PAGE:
Thursday, August 31, 2006

Timothy Snoddy

We want to thank all of our readers who sent their heartfelt condolences on the tragic death of our client and dear friend, Timothy Snoddy in the Comair planecrash in Kentucky this week. Your words and kindness meant a great deal to my mother Rosalie, myself, and to Tim's family.

Untapped Resources for Expert Witnesses

With the information overload we all suffer from, it is easy to settle for the obvious resources for advice, such as material written specifically for your field or industry, or designed especially for expert witnesses.

But if you limit your search in this way, you may be missing out on some great 'insider' information. Articles, newsletters, blogs and books written by and for attorneys can provide a treasure trove of knowledge you can use to improve your skills, performance and success as an expert consultant.

For example, one newsletter I subscribe to is Trial Tips Newsletter by Elliott Wilcox, a Florida trial attorney. In the last few issues he has been sharing tips on creating a clear appellate court record, that he came up with after conversations with a dozen or more court reporters. One of many points experts could find helpful:
"Look up and speak for the record. One of the less obvious tips the court reporters shared was about how your posture affects the record. When read [from your notes] or quote extensively from [records, datasheets, interviews], you probably have a tendency to talk into the piece of paper or down to the paper on your desk. When you look at your papers, rather than looking up ... your voice comes out mumbled, you speak too fast to be understood, you don't pronounce each word individually, and your record comes out garbled. To create a better record, stand up straight, minimize your dependence on your notes, and look at the person you want to persuade."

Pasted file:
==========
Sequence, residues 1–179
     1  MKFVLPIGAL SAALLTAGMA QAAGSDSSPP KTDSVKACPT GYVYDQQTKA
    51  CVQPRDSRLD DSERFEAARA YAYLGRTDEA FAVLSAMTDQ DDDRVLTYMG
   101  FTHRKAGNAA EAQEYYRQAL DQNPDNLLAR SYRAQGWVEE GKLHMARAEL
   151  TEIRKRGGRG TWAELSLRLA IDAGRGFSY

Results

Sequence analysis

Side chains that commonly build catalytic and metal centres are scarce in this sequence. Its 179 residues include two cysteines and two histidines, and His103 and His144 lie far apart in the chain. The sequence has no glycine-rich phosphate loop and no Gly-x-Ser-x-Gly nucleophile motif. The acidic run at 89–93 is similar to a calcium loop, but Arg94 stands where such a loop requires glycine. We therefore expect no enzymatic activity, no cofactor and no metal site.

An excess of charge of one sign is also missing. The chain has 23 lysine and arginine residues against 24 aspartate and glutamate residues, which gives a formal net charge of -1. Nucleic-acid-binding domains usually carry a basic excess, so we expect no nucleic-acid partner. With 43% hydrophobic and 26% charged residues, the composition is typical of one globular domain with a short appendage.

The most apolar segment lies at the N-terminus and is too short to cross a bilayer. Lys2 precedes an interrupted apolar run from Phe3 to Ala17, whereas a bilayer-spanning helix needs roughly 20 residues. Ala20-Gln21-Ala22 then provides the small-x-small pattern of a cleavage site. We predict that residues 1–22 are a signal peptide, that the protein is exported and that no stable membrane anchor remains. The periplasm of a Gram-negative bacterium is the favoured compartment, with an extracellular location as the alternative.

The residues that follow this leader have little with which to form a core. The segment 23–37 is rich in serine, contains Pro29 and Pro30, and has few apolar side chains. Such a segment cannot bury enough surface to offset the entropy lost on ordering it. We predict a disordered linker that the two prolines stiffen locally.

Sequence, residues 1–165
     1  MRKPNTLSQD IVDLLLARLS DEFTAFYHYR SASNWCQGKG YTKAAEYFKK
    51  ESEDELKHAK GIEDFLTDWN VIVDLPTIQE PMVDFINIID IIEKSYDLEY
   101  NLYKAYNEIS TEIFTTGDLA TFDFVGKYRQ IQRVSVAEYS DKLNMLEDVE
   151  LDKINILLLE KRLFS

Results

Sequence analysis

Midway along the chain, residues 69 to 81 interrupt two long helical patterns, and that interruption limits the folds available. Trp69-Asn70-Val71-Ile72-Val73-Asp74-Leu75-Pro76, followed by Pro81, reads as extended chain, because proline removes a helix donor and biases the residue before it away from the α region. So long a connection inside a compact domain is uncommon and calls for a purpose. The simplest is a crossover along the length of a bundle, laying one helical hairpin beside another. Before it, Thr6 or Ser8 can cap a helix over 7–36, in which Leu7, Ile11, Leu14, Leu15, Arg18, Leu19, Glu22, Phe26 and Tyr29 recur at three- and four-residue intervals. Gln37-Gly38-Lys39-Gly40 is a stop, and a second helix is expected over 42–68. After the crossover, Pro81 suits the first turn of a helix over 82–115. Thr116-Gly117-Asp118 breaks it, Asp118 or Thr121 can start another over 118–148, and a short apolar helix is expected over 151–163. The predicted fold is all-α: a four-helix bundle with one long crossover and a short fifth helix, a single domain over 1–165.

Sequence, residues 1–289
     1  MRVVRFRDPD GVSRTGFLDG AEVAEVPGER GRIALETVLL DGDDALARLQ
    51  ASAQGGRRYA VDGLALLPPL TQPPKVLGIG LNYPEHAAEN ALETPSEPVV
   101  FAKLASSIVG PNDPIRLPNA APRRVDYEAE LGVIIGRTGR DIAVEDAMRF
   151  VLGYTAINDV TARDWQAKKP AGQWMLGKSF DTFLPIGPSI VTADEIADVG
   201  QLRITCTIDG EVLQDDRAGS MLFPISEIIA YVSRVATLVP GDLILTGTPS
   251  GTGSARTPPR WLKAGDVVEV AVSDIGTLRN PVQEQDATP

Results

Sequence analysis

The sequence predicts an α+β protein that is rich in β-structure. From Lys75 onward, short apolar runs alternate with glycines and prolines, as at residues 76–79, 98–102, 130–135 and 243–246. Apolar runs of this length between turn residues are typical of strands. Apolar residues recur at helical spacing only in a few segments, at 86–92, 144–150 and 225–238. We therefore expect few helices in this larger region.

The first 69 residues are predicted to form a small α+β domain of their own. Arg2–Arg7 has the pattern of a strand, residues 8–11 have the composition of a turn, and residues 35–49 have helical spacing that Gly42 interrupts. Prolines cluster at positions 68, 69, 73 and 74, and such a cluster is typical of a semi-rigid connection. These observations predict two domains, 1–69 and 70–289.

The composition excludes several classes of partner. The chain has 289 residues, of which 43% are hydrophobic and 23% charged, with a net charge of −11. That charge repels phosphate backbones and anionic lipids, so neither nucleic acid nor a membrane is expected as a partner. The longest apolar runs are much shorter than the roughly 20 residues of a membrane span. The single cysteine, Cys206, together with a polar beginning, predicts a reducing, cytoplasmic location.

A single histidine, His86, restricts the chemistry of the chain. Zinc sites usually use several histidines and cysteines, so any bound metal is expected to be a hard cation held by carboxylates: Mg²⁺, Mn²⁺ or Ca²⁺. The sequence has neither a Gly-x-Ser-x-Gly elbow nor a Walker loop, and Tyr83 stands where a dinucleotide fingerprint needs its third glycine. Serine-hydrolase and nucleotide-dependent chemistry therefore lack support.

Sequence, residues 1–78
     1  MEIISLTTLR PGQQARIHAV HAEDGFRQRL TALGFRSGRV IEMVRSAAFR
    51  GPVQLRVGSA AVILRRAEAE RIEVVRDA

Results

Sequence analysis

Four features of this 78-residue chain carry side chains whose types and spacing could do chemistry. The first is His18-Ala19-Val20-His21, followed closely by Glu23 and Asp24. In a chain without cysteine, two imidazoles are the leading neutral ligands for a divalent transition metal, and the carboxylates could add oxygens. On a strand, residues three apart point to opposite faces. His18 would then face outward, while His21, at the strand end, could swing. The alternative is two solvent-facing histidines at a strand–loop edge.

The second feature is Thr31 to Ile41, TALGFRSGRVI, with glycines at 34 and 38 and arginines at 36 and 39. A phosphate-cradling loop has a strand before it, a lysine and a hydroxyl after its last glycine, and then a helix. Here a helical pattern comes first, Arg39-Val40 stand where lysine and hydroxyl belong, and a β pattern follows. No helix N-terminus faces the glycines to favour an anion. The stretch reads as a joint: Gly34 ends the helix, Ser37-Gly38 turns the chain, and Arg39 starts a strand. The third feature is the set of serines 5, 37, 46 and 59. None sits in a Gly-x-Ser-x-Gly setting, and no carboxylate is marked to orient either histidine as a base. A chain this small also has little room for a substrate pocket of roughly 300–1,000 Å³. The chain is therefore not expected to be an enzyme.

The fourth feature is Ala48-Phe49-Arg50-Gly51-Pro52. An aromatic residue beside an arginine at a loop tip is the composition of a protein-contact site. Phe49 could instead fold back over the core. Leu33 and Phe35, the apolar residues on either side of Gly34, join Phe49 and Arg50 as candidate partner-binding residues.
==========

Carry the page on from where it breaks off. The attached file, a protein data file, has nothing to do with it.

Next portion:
Don't forget to investigate blogs written by and/or for attorneys, like one by the Association of Trial Lawyers of America. Here's an excerpt from the July 11th post of Tuesday's Litigation Tip
"Do not ask the expert "Why?" or "How can you say that?" (unless you can effectively handle the answer and unless you know in advance that you can effectively handle the answer)."

With books, you'll need to set some criteria or the choices available will overwhelm you. One that I like, written to help lawyers work with expert witnesses, is Expert Rules - 100 (and More) Points You Need to Know About Expert Witnesses by David M. Malone. Here's the kind of advice he offers attorneys about experts:
"When two experts are reasonably equally qualified, choose the expert with whom you feel more comfortable working and spending time. If you and the expert do not enjoy working together, then you will tend to avoid the frequent communication and long hours of preparation that are necessary to succeed. You can think of this as the 'glass of beer' test: if you wouldn't enjoy sitting down and having a glass of beer with the expert, then you probably shouldn't hire her, if you have any choice at all. Expert work is hard enough without overlaying it with personality problems (even if it is your personality that is at fault)."

As long as you take into consideration that the intended reader of these publications is attorneys, I think you might find some to be quite helpful. I'm putting together a 'how-to guide' with tips on finding legal articles, blogs, and newsletters that relate to specific areas of expertise and particular issues. I'll get that done over the holiday weekend and post it here next week.

Monday, August 21, 2006

Expert Witness Breaks the Silence